Saturday, March 14, 2009

All the Nines: Ninety Nine and others

One evening in February we invited four friends, all wine lovers, to a dinner with the theme of drinking wines from vintages ending in 'nine'. Guests were invited, and we arranged between us what wines we would bring from our cellars - as you can imagine with older vintages more reds were available so we had to plan the meal accordingly.

The line up of some of the wines looked pretty impressive!

We started with Champagne Bernard Brémont 1999 Grand Cru Ambonnay
Fine gentle mousse with delicious mouth filling blackberry note, dry with sustaining acidity.

Before we tucked into our meal we tasted the reds, from all over the world.

Jean Leon Cabernet Sauvignon Gran Reserva 1999 Pago Jean Leon, Spain
Lovely bright red with warm, ripe, attractive red fruits balanced with gentle tannins.

Penfolds Bin 389 Cabernet/Shiraz 1989 South Australia
Mid red in colour with a little browning at the rim with meaty, fruity notes. A mature wine though still with some life in it - well balanced with a long finish.

Trinity Hill Trinity 1999 Hawkes Bay, New Zealand
A blend of Merlot, Cabernet Sauvignon and Syrah. Russet in colour showing some browning on the edge it was drying and only showing a little fruit.

The oldest red was a magnum of Burgundy which I bought in the early 1970s from Serena Sutcliffe MW when she was working with a small wine importer.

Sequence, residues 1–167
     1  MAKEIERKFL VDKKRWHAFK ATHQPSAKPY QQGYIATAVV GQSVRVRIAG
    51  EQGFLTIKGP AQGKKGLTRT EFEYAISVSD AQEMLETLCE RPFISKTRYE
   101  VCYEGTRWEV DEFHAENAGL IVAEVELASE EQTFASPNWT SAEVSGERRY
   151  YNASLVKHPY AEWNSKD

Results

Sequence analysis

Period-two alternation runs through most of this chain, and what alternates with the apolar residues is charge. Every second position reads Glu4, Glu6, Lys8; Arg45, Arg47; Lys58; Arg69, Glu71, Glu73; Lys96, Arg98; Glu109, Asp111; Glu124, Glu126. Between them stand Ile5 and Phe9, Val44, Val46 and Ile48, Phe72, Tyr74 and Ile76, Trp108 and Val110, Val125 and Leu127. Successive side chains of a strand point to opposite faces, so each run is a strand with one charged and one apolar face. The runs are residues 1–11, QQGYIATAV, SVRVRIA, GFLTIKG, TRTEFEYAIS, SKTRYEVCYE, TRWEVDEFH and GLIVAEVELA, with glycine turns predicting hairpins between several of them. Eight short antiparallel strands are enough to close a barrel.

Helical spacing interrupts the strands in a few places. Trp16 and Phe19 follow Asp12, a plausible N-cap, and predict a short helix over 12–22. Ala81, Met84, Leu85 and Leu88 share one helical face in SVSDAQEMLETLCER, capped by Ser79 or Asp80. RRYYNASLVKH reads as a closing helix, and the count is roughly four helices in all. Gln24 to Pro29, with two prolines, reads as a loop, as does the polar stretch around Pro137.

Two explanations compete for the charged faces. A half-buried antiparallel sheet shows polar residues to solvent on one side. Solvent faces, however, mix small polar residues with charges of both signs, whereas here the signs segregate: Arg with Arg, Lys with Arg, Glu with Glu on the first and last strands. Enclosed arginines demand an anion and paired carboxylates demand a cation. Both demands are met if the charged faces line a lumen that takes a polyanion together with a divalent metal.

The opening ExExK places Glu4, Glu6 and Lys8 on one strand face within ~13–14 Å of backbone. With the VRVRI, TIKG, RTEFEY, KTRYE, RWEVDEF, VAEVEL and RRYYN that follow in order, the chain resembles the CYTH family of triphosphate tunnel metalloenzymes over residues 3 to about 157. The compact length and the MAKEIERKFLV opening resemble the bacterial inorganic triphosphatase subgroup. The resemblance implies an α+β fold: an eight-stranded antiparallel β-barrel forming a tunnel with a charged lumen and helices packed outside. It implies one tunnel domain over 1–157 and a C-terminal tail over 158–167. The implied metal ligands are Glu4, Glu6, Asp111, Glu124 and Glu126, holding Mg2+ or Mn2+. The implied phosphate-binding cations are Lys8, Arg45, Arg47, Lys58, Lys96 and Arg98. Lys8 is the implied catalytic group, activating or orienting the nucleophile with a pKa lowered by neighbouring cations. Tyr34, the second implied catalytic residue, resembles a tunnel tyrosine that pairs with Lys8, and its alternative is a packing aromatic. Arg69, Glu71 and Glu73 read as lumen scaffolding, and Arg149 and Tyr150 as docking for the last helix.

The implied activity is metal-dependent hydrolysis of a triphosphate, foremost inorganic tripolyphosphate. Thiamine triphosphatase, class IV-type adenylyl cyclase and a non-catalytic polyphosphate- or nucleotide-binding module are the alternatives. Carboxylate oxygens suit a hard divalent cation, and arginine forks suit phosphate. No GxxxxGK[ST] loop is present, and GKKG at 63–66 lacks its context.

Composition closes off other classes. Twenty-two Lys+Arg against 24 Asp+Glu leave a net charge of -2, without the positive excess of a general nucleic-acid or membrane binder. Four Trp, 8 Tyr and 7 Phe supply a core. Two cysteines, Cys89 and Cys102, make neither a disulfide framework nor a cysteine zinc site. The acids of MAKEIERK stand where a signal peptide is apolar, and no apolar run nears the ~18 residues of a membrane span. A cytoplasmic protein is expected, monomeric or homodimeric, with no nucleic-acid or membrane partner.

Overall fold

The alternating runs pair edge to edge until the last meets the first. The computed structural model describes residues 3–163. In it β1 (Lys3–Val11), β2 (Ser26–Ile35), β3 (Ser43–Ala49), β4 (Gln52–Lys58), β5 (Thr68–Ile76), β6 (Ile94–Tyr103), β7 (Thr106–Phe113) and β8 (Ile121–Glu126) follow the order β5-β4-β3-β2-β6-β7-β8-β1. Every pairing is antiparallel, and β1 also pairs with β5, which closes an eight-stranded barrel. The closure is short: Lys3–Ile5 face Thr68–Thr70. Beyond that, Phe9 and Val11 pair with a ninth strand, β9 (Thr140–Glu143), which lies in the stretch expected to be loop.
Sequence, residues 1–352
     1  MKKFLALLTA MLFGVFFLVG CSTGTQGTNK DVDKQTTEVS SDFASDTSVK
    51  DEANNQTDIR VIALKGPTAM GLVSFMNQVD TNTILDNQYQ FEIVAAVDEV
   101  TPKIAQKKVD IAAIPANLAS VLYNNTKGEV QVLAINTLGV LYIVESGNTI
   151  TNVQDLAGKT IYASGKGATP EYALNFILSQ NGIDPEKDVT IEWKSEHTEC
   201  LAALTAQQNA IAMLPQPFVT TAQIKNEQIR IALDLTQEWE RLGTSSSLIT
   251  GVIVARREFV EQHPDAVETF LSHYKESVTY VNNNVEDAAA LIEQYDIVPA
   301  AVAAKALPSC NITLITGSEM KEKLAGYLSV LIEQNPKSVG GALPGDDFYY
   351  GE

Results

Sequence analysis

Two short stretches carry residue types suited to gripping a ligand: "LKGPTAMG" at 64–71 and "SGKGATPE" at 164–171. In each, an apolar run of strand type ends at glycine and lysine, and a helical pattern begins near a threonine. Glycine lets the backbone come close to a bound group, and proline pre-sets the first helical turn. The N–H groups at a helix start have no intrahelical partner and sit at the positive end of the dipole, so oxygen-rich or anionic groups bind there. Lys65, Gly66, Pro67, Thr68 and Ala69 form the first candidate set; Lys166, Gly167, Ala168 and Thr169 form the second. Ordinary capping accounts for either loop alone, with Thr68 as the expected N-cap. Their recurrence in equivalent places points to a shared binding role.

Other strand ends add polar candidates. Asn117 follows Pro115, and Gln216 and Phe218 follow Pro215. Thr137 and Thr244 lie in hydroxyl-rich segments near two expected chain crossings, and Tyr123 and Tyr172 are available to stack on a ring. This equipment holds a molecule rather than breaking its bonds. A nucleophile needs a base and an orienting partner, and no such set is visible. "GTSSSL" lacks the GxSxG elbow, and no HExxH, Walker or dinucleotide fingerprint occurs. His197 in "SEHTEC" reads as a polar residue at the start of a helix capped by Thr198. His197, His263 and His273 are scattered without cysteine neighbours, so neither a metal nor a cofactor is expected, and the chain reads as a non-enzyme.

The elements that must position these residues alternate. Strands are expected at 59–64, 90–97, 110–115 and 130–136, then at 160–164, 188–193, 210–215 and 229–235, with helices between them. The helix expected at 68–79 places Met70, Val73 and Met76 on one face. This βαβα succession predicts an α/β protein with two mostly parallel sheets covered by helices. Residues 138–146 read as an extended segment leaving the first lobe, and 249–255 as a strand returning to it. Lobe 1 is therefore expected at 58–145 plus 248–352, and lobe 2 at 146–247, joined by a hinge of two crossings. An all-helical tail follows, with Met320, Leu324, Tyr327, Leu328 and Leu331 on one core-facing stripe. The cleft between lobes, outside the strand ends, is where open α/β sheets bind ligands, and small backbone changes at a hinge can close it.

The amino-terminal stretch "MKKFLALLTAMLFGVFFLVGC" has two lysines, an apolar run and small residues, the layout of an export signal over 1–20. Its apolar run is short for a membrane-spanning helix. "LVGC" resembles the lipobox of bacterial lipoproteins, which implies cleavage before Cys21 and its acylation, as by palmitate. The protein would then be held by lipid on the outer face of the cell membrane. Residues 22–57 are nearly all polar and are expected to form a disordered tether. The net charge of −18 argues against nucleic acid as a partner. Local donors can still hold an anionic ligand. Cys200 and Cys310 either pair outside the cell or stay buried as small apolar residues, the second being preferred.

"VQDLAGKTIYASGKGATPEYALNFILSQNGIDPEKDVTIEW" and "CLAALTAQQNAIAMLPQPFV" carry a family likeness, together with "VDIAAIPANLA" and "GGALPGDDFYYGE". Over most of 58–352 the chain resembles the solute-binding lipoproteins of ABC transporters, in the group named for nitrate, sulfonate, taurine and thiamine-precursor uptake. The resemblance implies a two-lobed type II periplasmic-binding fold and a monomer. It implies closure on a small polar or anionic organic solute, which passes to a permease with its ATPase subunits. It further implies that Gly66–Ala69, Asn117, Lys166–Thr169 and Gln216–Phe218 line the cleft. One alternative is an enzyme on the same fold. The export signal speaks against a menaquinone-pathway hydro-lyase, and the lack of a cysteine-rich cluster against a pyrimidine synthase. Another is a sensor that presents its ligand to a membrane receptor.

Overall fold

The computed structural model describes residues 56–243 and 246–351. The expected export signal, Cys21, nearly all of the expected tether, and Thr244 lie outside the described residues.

Chassagne Premier Cru Morgeots, Prosper Maufoux 1969 Burgundy, France
There was a slight ullage, to mid neck. Browny red the nose was slightly farmyardy with a hint of fruit. On the palate it was full-bodied and robust, seeming very typical of the ‘big’ style of Burgundies commonly produced in that era.

With our first course of smoked salmon on blinis we drank another Grand Cru, this time from Alsace.
Pinot Gris, Grand Cru Spiegel, Domaines Schlumberger 1999 Alsace, France
Deep yellow colour – honeycomb and musky floral notes on the nose, which continued on the palate; medium dry with gently acidity completed by a long finish.

The main course was a simple game casserole – simple because it didn’t taste too gamey – just the dish to enjoy with the reds. Delightfully we didn’t all agree on which wine was the best match with the Penfolds Bin 389 and the Jean Leon Cabernet Sauvignon vying for top position.

We’d brought back from France a couple of cheeses: Tommette, made just down the road from us in Haute Savoie, and Comté, from the Jura where the unique Vin Jaune is made.

Arbois Vin Jaune, Jaques Puffeney 1999 Jura, France
Golden yellow with a concentrated bouquet of wet walnuts, spices (fenugreek). Deep rich flavours on the palate with fantastic balancing acidity. It matched the Comte splendidly

We completed the dinner with a special treat from 1939!

Massandra Gurzuf Rose Muscat 1939 Crimea
Bronze gold with faintest hint of pink, the nose was a complex mix of acacia honey, warm toffee and attar of roses. Still fresh it was unctuously sweet, tempered by bright acidity with all the flavours on the nose continuing in the mouth. Wow!

Wink has written a blog recounting the history of this ‘wine of the Tsars’, why and how she bought it.

We all enjoyed a very convivial evening with lots of conversation and discussion, and I’m grateful for the opportunity to share all these wines in such great company.

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